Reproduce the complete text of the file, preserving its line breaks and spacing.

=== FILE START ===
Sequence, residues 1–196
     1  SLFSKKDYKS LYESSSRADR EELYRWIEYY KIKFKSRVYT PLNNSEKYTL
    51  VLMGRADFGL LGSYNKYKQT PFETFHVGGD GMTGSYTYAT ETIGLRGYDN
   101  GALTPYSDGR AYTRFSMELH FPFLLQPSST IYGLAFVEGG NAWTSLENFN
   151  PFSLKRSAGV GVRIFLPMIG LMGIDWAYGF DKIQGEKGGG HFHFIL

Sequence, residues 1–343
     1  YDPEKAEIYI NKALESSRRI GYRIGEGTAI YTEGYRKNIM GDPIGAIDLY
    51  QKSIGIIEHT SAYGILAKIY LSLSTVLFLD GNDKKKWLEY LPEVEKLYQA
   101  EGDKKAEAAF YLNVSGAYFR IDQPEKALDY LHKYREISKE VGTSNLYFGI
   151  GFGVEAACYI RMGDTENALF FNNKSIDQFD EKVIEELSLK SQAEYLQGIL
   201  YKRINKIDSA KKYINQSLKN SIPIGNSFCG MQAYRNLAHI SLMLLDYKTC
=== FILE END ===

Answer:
Sequence, residues 1–196
     1  SLFSKKDYKS LYESSSRADR EELYRWIEYY KIKFKSRVYT PLNNSEKYTL
    51  VLMGRADFGL LGSYNKYKQT PFETFHVGGD GMTGSYTYAT ETIGLRGYDN
   101  GALTPYSDGR AYTRFSMELH FPFLLQPSST IYGLAFVEGG NAWTSLENFN
   151  PFSLKRSAGV GVRIFLPMIG LMGIDWAYGF DKIQGEKGGG HFHFIL

Sequence, residues 1–343
     1  YDPEKAEIYI NKALESSRRI GYRIGEGTAI YTEGYRKNIM GDPIGAIDLY
    51  QKSIGIIEHT SAYGILAKIY LSLSTVLFLD GNDKKKWLEY LPEVEKLYQA
   101  EGDKKAEAAF YLNVSGAYFR IDQPEKALDY LHKYREISKE VGTSNLYFGI
   151  GFGVEAACYI RMGDTENALF FNNKSIDQFD EKVIEELSLK SQAEYLQGIL
   201  YKRINKIDSA KKYINQSLKN SIPIGNSFCG MQAYRNLAHI SLMLLDYKTC